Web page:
Wreck Beach Butoh
Butoh, the powerful and often controversial dance form that came out of post-war Japan, is known for its stark imagery and denunciation of the superficial. In both its choreography and its costuming, butoh often embraces an aesthetic of what many would consider ugliness—rejecting the idea that dance is the sole domain of thin, lithe dancers.
Kokoro Dance, Vancouver’s post-butoh dance company has made an international name for itself as one of Canada’s most uncompromising dance companies, taking elements of butoh and fusing it with modern dance. In a quest to escape the confines of stage, the company has taken its performances everywhere from restaurants and nightclubs to the sound towers of the Vancouver Folk Music Festival, the Powell Street Festival grounds and the rooftop of Sunrise Market on Powell Street.
Every summer for the past 15 years, the company, under the direction of founders Jay Hirabayashi and Barbara Bourget, have taken their stripped-down approach to dance one step further, performing at Wreck Beach, Vancouver’s clothing-optional beach. Kokoro Dance provides the dancers (including international guests) and Mother Nature provides the rest: stage, lighting, score, costumes and even performance times, which are conditional on the tidal patterns.
On the eve of their 15th Annual Wreck Beach performance, Jay Hirabayashi provides some insight into his thought processes as he takes part in this annual dance ritual.
Diary of a Typical Wreck Beach Butoh Performance
by Jay Hirabayashi
Fortunately, there is no wind. The sky has darkened, however, and a few small drops of water start to create small explosions on my skin. Around me are the white-painted bodies of more than twenty other beings, naked like myself.
We appear to be walking slowly, but inside time has a different velocity. With each step, a week goes by. In one step we travel 100 kilometers. Our bodies lean forward to fight with resistance against the force of energy that confronts our bodies. We edge toward the ocean.
The water is numbingly cold and slowly climbs up my legs as I plow deeper into the ocean toward the North Shore that forms the backdrop to this enormous stage. To my right, I see the downtown Vancouver skyline. To my left is the dim outline of the Gulf Islands. Finally, I feel myself immersed and sense the tide pulling me against the direction I want to go. I start to swim but I feel like I am making no progress. It seems like a metaphor for my life.
Slowly, our group struggles against the tide and we swim our way westward. Underneath the water, an occasional rock covered with barnacles, cuts my legs and I shout out warnings to the others that follow.
The next part of the journey begins. We have drifted back near the shoreline and we float on our backs and bellies, rolling over when we feel the impulse of the waves that roll us first toward the shore and then wash us back out to sea. Our bodies become logs shorn from a forest, stripped of branches. We roll incessantly, restlessly, toward the beach and away from it. Eventually, I feel the beach under my body and I roll back and forth gaining new ground with each series of rolls. After gaining ten metres of beach, I curl my body into a fetal position and become still. I wait for the metamorphosis to begin.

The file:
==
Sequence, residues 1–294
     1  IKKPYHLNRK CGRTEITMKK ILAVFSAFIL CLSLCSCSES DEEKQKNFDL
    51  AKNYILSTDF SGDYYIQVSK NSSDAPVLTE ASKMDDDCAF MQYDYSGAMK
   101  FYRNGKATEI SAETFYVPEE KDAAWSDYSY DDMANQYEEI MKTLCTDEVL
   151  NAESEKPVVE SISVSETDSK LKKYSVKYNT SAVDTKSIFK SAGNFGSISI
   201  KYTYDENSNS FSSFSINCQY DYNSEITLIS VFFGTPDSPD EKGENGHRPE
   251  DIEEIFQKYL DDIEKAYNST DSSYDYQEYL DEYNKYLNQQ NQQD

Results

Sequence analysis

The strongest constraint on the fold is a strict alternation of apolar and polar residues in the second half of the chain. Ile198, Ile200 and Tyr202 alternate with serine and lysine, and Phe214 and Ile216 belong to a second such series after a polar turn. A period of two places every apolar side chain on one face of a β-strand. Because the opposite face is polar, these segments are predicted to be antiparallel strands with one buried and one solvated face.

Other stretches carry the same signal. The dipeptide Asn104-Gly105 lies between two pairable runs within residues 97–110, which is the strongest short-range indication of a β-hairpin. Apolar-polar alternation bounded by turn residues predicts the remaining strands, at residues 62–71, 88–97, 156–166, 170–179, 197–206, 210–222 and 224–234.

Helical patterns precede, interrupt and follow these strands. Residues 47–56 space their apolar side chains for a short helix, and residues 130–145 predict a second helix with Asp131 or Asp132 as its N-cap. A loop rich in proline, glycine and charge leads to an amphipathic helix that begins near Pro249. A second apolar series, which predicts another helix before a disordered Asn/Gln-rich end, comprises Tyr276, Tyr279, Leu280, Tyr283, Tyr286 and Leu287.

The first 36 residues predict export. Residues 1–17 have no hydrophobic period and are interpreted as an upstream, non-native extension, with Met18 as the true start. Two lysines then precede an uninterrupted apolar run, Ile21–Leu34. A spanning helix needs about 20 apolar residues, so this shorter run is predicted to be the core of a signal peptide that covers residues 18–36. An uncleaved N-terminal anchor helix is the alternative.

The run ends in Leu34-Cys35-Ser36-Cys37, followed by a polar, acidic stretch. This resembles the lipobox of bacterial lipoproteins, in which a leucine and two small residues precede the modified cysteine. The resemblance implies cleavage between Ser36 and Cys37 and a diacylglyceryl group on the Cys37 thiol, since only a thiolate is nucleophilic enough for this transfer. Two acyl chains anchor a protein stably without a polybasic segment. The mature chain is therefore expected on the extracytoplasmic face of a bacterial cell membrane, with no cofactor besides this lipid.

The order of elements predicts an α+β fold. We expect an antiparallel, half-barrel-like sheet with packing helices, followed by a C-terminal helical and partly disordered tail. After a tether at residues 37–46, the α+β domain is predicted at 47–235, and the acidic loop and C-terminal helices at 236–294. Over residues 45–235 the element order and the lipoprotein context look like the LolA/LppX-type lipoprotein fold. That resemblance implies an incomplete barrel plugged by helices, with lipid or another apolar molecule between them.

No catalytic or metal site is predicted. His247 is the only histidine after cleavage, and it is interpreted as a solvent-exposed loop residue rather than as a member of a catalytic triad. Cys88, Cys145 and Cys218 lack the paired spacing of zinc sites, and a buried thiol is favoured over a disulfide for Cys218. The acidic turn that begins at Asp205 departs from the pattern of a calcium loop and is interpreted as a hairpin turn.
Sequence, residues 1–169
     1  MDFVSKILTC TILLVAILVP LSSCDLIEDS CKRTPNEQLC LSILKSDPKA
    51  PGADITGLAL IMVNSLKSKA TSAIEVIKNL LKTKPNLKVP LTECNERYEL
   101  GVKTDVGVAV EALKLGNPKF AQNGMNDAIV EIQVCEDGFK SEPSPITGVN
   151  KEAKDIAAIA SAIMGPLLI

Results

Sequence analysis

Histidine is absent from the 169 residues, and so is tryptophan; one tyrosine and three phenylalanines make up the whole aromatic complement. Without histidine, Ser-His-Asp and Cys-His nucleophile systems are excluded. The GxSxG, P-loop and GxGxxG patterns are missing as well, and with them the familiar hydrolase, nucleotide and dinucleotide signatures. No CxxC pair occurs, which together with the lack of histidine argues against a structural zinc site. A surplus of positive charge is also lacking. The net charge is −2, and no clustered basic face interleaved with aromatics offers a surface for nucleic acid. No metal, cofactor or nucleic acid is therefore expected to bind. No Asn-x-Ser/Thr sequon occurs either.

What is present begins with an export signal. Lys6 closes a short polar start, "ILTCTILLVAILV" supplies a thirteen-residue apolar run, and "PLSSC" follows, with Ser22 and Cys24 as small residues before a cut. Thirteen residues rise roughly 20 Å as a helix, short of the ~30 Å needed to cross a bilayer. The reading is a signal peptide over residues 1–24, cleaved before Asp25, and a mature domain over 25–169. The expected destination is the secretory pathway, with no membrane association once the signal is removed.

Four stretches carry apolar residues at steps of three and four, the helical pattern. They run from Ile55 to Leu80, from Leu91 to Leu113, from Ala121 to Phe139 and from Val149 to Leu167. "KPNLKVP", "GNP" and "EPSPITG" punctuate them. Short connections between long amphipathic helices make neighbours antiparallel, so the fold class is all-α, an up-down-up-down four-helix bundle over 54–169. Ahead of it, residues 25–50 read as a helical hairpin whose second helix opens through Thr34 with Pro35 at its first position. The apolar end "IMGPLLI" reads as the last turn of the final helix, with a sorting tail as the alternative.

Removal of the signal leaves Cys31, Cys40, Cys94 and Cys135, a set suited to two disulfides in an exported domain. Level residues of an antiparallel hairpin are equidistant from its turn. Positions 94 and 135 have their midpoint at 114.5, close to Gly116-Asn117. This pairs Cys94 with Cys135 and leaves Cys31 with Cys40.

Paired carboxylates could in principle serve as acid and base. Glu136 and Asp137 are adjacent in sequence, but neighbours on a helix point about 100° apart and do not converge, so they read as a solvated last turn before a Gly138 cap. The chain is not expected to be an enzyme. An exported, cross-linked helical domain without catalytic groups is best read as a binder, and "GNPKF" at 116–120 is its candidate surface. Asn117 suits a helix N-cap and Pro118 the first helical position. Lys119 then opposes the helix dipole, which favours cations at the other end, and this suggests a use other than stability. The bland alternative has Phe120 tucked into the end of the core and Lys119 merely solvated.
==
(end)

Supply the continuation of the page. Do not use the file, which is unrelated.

I am no longer a log, I am some kind of organism. My body uncurls and then retreats back to being a fetus. I roll back toward the water but stop to fold in and out again. I roll back further up the beach. My need is to leave the water and find a different environment. The sand scrapes my skin, covers my face and my wet, trembling body. I have become a creature. There are spectators watching me, trying to understand what is happening to me, trying to identify with my transformations. For them, twenty minutes have passed. For me, I have evolved already through three lifetimes.
I roll on to my hands and feet and arch my back to the sky. I roll back the other way and end up on my buttocks with my hands and feet reaching for the sky. I continue this back and forth rolling, always ending in a new position, a new expression of being, a new attitude in relation to the environment of sand, sea, and sky, of me alone and of me in a community of other beings, all of us searching for how to express who we are and why we are here. I retrace the physical formations I have discovered. My companions are similarly discovering themselves as animate beings. Together, we create an unusual dance of sand-covered creatures, our morphing bodies creating a new language of communication. Eventually, we find ourselves back on to our feet and find a unity in our movement. Like a colony of ants, we form an intelligence with our group movement telepathically conveyed. We travel westward on the beach. Over the next hour, we will discover each other in this annual ritual of connection of our bodies and spirits to sand, water, and sky.
15th annual Wreck Beach Butoh
Saturday, July 10, 10:30am
Sunday, July 11, 11:15am
At the foot of the #4 Trail that starts 100 metres west of the UBC Museum of Anthropology.
No photography or video capture is allowed.
Donations are gratefully appreciated.